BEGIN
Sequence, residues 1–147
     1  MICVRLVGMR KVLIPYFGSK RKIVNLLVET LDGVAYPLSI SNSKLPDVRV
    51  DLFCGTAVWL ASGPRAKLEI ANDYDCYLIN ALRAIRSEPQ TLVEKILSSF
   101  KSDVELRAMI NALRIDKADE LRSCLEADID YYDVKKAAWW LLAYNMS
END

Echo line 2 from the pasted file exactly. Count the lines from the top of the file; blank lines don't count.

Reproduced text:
     1  MICVRLVGMR KVLIPYFGSK RKIVNLLVET LDGVAYPLSI SNSKLPDVRV